Oil sampling and analysis as a condition monitoring program has been around for many years as part of operating and maintaining heavy mining equipment. The program and photos cited in this case study were from an open-cut coal mine that kicked off their oil sampling program in the 70’s. However, after some time this site reflected on the experiences of theirs and other mines. They began to realise they did not initially achieve the benefits of improved equipment reliability that were desired from the program. It took 10 years before they got it right and it required them to ask themselves, are we getting value from this program?
When asked about their oil sampling program, this is the feedback from the mine for how the program ran in the first 10 years.
- Samples were taken but the results were not trusted by the tradesperson
- It was seen as an unnecessary task – wasting time and money
- Sample results were not understood
- The wrong sample techniques were used
- Components were stripped on the basis of the oil sample results and no defects were found
- Lots of samples were taken that were of no value, lots of money wasted
- There were still too many unexpected equipment failures
- Management started to question the Return On Investment
The program turn-around:
When the site realised the program wasn’t effective they implemented an improvement program. The program included the following.
The supervisors were engaged first so they understood what the program was meant to do and how it was going to happen. As part of this program, supervisors were sent to the lab to understand the oil analysing procedures and factors that can influence interpretations.
Tradespeople were formally trained to enable them to understand the results. A simple “Understanding of Oil Analysis” awareness training was started. It was developed and delivered in-house with the only cost being the trades person’s time.
One key element of the training was the concept of contaminated oil hiding impending failures, which was explained as part of the training. This is where the oil in the equipment is not clean enough to allow the early increases in wear metal in the sample to be visible during the oil analysis process. The excess contamination, that has been left over from historical wear, creates a high level of “background noise” in the measurement of the wear metals. This elevates the “normal” wear metal levels above the levels you would see in an early onset of a failure so the early onset of failure is hidden until the failure has progressed closer to its ultimate failure point. This concept is represented in the graphic below and can apply to any of the wear elements used to identify failures.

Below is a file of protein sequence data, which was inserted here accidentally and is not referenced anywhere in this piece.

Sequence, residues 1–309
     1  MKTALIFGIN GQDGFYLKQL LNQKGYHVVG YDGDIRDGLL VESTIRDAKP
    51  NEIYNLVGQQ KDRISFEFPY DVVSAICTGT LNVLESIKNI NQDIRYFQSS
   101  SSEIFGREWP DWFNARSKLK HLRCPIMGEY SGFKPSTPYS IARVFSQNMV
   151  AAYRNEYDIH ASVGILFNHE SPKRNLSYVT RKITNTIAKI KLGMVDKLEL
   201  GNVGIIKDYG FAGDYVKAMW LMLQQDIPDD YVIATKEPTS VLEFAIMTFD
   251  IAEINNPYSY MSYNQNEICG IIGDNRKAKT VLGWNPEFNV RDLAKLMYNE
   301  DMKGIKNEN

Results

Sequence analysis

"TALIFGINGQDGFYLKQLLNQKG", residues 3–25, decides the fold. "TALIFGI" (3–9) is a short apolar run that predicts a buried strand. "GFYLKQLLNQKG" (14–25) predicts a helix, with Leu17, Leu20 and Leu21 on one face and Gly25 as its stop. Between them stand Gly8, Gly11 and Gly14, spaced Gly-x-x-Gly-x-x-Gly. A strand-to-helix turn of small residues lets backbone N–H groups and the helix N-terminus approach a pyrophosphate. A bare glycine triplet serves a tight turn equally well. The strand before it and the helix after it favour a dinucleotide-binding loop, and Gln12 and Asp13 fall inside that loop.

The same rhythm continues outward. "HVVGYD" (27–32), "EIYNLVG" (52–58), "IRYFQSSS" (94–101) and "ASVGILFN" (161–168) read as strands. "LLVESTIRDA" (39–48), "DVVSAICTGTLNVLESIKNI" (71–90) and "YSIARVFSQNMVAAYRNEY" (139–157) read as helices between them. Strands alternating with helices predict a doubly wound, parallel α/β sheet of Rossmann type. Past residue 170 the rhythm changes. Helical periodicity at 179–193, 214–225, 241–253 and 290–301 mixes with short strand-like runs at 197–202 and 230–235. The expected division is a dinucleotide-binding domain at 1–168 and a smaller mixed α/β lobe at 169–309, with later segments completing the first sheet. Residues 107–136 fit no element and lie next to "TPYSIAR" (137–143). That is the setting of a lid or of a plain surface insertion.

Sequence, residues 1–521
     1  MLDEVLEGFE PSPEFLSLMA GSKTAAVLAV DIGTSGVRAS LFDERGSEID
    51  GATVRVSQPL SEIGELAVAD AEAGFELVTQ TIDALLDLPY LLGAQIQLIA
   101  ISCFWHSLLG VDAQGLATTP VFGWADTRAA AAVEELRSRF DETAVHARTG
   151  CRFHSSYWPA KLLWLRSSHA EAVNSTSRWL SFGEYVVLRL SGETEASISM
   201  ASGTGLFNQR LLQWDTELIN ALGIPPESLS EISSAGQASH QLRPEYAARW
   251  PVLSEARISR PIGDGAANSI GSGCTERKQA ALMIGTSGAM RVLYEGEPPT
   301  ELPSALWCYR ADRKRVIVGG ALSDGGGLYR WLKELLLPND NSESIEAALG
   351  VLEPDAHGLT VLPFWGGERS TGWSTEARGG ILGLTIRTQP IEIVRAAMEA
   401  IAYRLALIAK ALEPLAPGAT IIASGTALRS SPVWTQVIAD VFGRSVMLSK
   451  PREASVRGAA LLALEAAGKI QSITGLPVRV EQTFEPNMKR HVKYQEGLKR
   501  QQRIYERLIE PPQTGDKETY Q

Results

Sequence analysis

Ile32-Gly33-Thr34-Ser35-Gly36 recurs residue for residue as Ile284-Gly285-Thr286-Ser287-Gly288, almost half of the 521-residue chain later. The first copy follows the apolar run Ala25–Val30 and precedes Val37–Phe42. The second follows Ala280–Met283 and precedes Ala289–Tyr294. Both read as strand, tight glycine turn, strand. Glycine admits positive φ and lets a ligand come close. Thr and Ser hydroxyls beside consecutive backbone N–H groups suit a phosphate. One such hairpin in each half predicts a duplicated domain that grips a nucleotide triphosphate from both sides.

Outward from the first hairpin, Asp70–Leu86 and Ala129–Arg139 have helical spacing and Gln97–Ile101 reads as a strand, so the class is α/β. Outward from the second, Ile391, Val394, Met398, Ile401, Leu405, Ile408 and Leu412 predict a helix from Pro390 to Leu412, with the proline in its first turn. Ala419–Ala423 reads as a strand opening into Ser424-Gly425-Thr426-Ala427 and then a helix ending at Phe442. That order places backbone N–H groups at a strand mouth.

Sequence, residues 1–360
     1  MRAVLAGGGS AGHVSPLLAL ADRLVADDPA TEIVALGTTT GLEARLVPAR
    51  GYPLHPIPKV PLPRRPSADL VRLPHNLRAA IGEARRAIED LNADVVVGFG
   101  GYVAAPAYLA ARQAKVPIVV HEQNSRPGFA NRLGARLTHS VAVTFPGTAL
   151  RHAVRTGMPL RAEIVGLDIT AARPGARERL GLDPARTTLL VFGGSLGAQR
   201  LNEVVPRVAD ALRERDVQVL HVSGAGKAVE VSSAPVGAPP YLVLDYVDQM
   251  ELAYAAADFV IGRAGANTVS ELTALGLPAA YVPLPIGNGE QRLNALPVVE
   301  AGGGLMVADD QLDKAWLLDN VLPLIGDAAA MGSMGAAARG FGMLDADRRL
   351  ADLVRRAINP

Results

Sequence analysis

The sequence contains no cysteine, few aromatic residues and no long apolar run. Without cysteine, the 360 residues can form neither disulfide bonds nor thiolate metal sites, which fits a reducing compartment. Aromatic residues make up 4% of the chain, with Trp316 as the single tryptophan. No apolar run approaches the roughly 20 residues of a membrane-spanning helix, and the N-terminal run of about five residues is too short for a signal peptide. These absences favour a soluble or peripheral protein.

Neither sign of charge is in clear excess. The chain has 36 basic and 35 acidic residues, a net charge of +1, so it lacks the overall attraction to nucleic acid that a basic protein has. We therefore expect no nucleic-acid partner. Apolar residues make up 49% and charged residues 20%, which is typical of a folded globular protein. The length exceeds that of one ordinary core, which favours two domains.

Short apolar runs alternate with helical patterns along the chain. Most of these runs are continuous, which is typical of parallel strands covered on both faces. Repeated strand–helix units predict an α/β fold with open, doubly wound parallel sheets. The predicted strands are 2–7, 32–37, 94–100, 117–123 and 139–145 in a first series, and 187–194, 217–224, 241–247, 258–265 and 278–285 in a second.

The graphic shows that good signal detection range (early failure detection) is achieved when the oil contamination is low at ISO -/13/10. If the oil contamination is high at say ISO -/19/16 then the time to failure from detection will be much less.
Led by the supervisors the tradespersons took ownership of the process and its outcomes.
- Taking clean representative samples in a repeatable fashion
- Marking samples correctly with the required information
- Understanding the results of the oil analysis
- Troubleshooting on the basis of the data and taking appropriate actions.
To aid the interpretation of the oil analysis, the lab was asked to provide trends of the last five sample interpretations on one report which gave more insight to the analysis. It also highlighted where samples were missing or not taken correctly.
How to get the sampling program right first time:
- Decide if there is a need for an oil analysis program and what are the critical areas to monitor, maybe not all compartments are required (See the previous article)
- Ensure that oil is being added to your equipment at the right time, to the right cleanliness
- Compare your equipment performance against others and ask yourself, “Do I need to extend oil and component lives?
- Select the right people to set the example, attention to detail including cleanliness is the key
- Provide training in what is expected
- Set up clear guidelines of what is expected, use lots of photos and images to make it simple to understand and provide simple visual measures of how the program is going
- Set up target contamination levels, define what optimum results are and recommend cleanliness targets including the monitoring of contractor delivered oil and oil stored in the mines bulk tanks
Monitoring the Program:
- All results from the outside laboratory are scrutinised – even “non-actionable” results
- Regular meetings are held with the laboratory to address any issues or improvements
- Repetitive equipment and sampling problems are identified. It has highlighted where it was difficult to obtain a proper sample.
- Shortcomings in training have been highlighted
- Reports with outstanding issues are monitored weekly
- A monthly management summary report is sent from the laboratory including equipment outside of cleanliness specifications.
The benefits of the program:
These are the benefits stated by the mine now that the program is working for them.
- Problems are detected early so minor problems were repaired before they became major failures.
- The “positive” as well as “negative” samples are monitored so money is not wasted on early oil changes or by repairing components needlessly
- Repair time was shortened
- Repair events became scheduled downtime to fit into the workload
- Monitoring the fleet oil analyses helps with fleet management by assessing whether equipment with increasing wear trends will last until other equipment can be made available
- It has increased the confidence level in equipment reaching or exceeding its component life
- Developing a complete profile and history of each piece of equipment helps with evaluating equipment performance or planning replacement purchases